Owen looked in the mirror again, unable to believe he was hallucinating. He was scarred, scratched, bruised, burned and swollen. The welts and burns on his puffy face left only his eyes recognizable. A busted tooth ached wickedly. He turned back to Rob and locked his slit eyes on him. Rob's face was straight and serious. Owen looked as healthy and pink as a college boy to Rob.
“No one believes me,” Owen said flatly, almost in a whisper. “Janet thinks I've been swallowing the hard stuff. She'll wish she hadn't doubted me when she has to tell Jenny that Daddy is dead. They'll return from Florida and find my wasted remains.”
Rob seemed unconcerned, he poked at the fireplace and the light played with his absent expression. “You ain't dying. It's all in your head. The stuff you describe can't be real -- finding yourself suddenly alone has tipped your mental balance.”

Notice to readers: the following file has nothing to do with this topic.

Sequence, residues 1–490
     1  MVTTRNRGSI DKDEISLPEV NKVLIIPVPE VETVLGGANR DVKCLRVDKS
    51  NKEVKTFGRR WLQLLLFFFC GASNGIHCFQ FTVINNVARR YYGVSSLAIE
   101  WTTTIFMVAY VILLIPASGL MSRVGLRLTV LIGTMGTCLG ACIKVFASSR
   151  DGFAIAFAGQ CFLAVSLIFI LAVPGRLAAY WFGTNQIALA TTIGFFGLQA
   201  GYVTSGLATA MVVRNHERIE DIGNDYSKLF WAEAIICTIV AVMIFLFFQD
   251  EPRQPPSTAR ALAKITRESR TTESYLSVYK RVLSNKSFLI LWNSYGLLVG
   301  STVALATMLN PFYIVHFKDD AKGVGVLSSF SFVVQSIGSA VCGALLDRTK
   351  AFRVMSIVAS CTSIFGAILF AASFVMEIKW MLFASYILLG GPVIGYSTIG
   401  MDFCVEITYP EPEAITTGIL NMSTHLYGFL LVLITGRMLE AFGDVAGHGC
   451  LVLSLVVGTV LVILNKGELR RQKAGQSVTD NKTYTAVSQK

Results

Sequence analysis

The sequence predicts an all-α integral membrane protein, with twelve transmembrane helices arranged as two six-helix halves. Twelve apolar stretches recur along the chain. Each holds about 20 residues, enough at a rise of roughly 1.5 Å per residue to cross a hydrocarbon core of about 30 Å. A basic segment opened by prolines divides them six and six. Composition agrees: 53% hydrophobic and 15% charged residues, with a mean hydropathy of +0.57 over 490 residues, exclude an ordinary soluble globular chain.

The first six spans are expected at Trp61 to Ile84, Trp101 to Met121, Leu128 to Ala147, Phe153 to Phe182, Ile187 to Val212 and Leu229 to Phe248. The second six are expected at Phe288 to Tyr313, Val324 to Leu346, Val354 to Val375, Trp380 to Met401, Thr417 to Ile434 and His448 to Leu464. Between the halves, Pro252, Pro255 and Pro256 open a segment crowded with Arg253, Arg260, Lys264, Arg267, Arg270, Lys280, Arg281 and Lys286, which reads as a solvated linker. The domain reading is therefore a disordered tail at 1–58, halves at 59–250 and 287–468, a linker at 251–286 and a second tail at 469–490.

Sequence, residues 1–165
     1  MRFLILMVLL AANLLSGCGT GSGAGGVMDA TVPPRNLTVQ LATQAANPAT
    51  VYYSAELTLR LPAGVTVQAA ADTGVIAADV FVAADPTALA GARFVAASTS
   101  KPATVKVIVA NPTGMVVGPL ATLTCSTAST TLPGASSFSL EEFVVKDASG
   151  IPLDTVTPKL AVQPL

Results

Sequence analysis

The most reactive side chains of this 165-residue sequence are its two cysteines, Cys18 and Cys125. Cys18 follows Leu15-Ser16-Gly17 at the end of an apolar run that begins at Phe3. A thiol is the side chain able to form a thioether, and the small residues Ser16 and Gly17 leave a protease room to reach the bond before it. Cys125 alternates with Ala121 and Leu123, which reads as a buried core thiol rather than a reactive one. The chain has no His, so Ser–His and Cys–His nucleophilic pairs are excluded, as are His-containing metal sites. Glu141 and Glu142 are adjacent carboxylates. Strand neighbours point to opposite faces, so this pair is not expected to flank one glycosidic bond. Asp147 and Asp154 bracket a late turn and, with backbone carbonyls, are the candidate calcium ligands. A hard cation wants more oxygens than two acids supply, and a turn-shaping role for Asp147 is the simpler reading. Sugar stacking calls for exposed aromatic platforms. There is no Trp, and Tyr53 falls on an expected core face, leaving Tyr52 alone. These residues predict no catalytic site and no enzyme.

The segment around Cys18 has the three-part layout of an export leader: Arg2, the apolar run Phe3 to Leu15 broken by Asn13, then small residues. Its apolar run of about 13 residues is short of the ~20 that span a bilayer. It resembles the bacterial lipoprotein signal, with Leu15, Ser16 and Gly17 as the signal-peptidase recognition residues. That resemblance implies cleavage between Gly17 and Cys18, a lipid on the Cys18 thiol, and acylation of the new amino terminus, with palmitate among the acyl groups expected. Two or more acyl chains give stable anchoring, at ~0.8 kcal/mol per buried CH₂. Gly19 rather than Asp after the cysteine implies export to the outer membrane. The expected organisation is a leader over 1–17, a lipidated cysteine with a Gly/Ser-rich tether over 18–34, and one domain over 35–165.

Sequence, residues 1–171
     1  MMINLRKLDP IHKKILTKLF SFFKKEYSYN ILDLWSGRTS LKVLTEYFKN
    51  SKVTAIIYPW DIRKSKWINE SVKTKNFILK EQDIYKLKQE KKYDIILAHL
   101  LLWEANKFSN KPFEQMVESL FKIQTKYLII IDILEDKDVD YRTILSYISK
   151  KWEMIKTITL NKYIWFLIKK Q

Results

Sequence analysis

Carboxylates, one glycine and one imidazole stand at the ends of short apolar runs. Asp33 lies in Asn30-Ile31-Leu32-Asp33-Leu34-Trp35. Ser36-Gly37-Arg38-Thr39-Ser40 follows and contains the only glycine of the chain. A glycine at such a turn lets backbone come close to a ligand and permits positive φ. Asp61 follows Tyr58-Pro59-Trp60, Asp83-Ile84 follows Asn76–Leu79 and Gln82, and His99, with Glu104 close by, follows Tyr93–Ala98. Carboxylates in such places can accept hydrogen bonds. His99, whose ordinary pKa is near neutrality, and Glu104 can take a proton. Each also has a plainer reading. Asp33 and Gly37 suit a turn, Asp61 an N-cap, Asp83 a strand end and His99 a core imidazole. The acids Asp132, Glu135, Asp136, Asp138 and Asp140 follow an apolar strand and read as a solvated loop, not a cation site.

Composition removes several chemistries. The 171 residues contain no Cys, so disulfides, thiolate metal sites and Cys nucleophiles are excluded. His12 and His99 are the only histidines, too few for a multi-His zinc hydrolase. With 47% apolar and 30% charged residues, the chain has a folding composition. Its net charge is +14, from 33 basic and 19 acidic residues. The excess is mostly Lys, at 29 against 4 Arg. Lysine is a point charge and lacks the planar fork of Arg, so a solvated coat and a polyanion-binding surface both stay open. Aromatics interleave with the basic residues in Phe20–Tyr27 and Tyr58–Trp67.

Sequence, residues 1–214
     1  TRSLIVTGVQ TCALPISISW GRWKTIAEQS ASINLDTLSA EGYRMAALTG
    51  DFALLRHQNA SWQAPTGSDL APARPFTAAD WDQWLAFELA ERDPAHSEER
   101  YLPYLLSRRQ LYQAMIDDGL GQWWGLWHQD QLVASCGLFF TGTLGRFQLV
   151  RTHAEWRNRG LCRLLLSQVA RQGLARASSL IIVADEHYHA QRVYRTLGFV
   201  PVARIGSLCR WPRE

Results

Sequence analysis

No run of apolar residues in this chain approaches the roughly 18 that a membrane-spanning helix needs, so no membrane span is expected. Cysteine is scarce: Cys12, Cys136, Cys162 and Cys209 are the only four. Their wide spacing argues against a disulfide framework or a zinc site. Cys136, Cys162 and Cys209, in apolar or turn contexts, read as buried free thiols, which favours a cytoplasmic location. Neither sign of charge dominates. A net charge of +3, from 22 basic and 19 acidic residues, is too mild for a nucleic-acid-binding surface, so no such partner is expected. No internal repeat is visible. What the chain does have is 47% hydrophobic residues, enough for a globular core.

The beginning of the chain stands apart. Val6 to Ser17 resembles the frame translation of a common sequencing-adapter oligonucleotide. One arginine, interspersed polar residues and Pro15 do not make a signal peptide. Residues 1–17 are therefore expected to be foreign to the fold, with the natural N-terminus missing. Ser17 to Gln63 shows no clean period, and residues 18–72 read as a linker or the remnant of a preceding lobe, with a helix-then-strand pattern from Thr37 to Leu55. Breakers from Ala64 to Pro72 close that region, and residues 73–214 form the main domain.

Owen eased into his armchair and stared at the ashes curling on a log. “I've undergone every sort of torture and horror. I'm like a one-man dark age. There's nothing more real that what I'm suffering from now.”
A web of shadows touched Rob's frown. “It's real then, but as an inner conflict that doesn't touch the rest of the world. A screwball side of your personality has surfaced, and since you're afraid to let it loose you can only fight it. Next time these men come, confront them with logic; tell them they're not possible, tell them you want to merge with them -- you'll find out what they want and what you need.”